A growing movement of Christian evangelicals decries "expressive individualism," or in other words, the freedom to make your own choices and decide what to do with your own life.
If America had its own Ten Commandments, the first one would be “Be yourself.”
It’s written into our founding document: the right to liberty and the pursuit of happiness. It’s woven into our mythology. Whatever our beliefs or politics, we’re drawn to stories about lone heroes rebelling against oppressive systems.
And, of course, it’s part and parcel of a capitalist society. Those who survive and prosper under capitalism treat self-interest as an overriding goal. Corporations won’t hesitate to fire employees if it means higher profits, and employees shouldn’t hesitate to change jobs if it means higher salary. Loyalty to those who’ve done right by us in the past is—at best—a distant secondary consideration. The number-one priority is to always look out for Number One.
For better or for worse, this may be part of white American DNA. The USA as it exists today was founded by people who broke away from the societies they were born in, took the risk of an ocean crossing, and came to the New World to seek their freedom and their fortune. After that, there was a second wave of expansion and colonization, as people moved out of the cities and into the Western frontier. The rebels, the adventurous, and the chronically restless: these personality types are overrepresented in America’s early generations. You can speculate on whether this created a founder effect in the nation’s gene pool.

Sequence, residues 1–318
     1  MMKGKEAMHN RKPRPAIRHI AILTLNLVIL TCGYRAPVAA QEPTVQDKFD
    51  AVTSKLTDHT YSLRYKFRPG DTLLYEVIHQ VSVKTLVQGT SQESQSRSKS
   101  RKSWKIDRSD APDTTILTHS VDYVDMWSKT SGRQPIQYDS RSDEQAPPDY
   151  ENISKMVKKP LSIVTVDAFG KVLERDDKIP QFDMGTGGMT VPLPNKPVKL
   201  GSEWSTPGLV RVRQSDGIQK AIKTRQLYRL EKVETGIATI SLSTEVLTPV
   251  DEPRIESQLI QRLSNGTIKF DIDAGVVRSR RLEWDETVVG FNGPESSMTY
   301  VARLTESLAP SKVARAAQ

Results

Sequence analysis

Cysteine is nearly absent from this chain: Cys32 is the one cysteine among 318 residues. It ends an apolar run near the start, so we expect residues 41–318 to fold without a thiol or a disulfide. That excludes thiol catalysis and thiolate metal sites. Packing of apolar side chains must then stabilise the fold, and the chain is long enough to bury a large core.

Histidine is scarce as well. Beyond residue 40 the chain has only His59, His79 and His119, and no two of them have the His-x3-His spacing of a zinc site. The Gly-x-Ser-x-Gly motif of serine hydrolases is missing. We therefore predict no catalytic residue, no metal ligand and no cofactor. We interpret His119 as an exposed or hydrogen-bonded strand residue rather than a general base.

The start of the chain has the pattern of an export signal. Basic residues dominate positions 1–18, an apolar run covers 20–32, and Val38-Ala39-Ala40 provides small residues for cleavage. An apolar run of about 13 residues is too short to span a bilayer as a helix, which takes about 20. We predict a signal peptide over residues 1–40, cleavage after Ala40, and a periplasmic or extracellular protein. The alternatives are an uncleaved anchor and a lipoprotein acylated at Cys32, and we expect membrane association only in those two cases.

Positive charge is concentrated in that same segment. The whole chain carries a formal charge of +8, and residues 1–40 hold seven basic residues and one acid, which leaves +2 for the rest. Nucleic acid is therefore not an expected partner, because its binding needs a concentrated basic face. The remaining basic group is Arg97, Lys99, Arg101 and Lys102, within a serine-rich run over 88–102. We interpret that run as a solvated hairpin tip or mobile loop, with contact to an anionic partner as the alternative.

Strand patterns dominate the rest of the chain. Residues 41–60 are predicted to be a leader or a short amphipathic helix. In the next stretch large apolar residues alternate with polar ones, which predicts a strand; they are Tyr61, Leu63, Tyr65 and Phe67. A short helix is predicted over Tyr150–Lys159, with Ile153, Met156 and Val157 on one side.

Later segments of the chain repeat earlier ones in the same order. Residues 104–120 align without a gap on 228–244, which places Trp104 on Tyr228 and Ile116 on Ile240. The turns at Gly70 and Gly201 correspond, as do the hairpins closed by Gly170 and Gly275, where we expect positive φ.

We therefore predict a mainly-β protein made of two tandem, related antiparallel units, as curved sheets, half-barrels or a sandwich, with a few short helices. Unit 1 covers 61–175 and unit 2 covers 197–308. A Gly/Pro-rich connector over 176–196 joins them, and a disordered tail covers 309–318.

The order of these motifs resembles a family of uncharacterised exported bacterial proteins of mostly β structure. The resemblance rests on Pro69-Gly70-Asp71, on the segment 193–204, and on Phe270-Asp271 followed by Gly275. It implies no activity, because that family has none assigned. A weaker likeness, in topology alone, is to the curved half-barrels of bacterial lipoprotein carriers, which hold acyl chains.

Obviously, the individualist mindset is a blade that cuts both ways. It’s given rise to a culture of selfishness and cutthroat competition, with all the exploitation, poverty and unnecessary suffering those things entail. It teaches people to care only about their own comfort and pleasure, even if it’s achieved at the expense of other humans or the welfare of the planet as a whole.
But at the same time, individualism drives creativity, innovation, and questioning of the conventional wisdom. It powers courageous resistance to oppression, prejudice, and stultifying cultures of conformity. When we encounter an ideology which preaches that a person’s only purpose in life is to serve their family, or their nation, or their church, that’s the time to raise the banner of individualism high.